by Jordan Roberts
Director of Government Affairs, John Locke Foundation
The Affordable Care Act (ACA) faces its latest challenge in court today. Twenty state attorneys general are bringing a suit against the federal government, asking a north Texas judge to halt the enforcement of the law beginning Jan. 1st of 2019. Texas v. United States is mainly focused on the constitutionality of the controversial “individual mandate” that required most individuals to get health coverage, which was a large part of the ACA’s initial legal battle. However, the lawsuit is also attempting to get a different ruling on other provisions that deal with coverage for those with pre-existing conditions.
When the Obama Administration argued for the ACA in front of the Supreme Court, they said the individual mandate was “inseverable” from the community rating and guaranteed issue provisions. The community rating and guaranteed issue provision prohibit insurers from charging different rates based on physical factors and from declining coverage to individuals that suffered from pre-existing conditions. Chief Justice Roberts ruled that the individual mandate was a legal tax under Congress’ ability to regulate interstate commerce as long as it was a revenue-raising mechanism. This interpretation is largely what allowed the core parts of Obamacare to become law.
The Tax Cuts and Jobs Act that was signed into law by President Trump lowered the tax penalty associated with the individual mandate to zero. The mandate is still there but there is no way for the tax to collect revenue now. This is the point that the plaintiffs in Texas v. United States hope to use to convince the judge to strike down the law. Justice Roberts interpreted the individual mandate as legal so long as it creates revenue. Without the tax penalty, the law is “unconstitutional” according to the supreme court’s ruling.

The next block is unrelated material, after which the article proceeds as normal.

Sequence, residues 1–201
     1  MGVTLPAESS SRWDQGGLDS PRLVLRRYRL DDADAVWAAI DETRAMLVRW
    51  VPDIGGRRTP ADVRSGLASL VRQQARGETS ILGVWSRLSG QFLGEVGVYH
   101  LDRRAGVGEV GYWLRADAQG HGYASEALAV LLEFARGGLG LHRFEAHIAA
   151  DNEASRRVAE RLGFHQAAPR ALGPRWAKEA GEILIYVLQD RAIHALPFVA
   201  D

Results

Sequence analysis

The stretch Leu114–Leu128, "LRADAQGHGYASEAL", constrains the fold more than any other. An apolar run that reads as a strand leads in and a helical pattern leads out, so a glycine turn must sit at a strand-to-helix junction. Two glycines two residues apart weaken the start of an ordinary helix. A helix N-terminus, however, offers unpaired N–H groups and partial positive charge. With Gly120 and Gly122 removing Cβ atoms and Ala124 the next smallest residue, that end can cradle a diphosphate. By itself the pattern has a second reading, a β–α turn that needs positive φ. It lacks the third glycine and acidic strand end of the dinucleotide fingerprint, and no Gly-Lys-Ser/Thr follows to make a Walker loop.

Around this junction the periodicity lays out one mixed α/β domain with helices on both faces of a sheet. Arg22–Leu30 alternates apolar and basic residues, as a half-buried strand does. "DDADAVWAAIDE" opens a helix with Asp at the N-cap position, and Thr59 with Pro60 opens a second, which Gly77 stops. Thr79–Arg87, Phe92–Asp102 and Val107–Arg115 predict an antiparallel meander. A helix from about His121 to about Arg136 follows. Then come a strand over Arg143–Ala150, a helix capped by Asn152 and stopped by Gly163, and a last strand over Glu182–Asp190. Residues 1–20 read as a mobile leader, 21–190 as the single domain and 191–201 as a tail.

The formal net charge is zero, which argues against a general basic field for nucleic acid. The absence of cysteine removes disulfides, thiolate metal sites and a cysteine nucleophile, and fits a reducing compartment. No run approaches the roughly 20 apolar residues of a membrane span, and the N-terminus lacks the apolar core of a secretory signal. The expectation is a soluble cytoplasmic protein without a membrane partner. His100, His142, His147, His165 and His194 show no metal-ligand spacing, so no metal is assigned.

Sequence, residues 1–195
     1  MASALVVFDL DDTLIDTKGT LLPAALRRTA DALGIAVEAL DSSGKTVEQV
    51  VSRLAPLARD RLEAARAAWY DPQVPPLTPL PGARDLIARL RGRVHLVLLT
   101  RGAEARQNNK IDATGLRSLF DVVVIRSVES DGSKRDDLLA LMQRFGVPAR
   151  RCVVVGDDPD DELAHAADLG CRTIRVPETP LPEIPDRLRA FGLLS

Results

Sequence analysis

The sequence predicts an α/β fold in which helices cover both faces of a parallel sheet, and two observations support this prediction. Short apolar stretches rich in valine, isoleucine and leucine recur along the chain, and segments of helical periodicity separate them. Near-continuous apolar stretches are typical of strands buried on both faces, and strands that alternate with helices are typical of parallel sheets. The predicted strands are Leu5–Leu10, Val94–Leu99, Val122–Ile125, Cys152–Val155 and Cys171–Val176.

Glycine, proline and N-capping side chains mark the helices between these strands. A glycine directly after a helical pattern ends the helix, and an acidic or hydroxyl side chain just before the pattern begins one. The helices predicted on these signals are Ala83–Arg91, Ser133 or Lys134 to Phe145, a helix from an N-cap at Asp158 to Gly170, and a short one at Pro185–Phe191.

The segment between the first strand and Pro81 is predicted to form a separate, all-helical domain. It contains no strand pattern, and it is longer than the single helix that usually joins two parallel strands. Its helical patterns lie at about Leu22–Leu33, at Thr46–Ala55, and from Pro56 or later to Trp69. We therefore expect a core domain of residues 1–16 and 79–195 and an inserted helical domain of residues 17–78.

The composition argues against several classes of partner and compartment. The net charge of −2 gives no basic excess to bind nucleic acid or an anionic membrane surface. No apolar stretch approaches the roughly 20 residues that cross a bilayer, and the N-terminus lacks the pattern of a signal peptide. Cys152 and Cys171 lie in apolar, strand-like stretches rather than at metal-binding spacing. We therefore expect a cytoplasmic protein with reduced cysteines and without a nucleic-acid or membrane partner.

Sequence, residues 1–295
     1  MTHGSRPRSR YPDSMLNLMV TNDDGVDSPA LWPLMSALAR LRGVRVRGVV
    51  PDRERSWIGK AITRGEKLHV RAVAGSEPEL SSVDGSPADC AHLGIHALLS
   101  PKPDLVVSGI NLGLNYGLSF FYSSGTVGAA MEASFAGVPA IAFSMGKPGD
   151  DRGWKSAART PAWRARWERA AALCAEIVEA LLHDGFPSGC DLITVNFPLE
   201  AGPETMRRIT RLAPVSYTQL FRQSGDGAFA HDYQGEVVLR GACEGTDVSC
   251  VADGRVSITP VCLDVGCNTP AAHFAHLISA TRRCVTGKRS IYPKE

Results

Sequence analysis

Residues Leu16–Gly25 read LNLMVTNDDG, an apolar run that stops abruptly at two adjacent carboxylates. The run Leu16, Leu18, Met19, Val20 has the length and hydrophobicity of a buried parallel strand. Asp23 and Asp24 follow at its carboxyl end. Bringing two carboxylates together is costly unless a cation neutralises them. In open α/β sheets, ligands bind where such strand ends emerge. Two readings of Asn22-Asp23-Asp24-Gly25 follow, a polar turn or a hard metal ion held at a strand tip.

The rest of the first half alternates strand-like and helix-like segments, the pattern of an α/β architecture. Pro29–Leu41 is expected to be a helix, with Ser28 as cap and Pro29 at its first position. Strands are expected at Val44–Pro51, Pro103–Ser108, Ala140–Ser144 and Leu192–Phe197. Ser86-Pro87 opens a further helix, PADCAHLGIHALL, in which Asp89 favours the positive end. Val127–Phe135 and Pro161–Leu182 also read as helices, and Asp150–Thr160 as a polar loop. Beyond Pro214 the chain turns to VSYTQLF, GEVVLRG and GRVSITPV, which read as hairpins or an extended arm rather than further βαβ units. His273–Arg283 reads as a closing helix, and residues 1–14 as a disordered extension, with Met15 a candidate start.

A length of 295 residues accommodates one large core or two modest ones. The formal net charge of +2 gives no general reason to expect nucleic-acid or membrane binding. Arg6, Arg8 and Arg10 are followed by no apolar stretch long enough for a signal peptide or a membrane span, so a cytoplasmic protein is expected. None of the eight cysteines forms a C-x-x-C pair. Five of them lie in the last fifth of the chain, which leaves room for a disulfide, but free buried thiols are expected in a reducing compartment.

The plaintiffs are also going to use this logic to go after the community rating and guaranteed issue provisions. The argument goes that since the individual mandate without a tax penalty should be illegal, then these other two provisions, that by the Obama Administration’s own arguments are inseverable from the individual mandate, should also be struck down.
Republicans are once again spread out along the political spectrum in terms of how involved they think the government should be in the state’s health insurance markets. Last week, I wrote about a group of Republican attorney generals that challenged the constitutionality of an ACA tax and won. Most of those Attorney generals are plaintiffs in Texas v. United States. At the same time, a group of senators is attempting to codify these protections into law.
Healthcare will be an important issue in the 2018 midterms after Republicans failed to enact any meaningful reform after the 2016 election. The ACA has the possibility of looking very different after the 2018 midterms which will change the healthcare strategy for this upcoming Congress.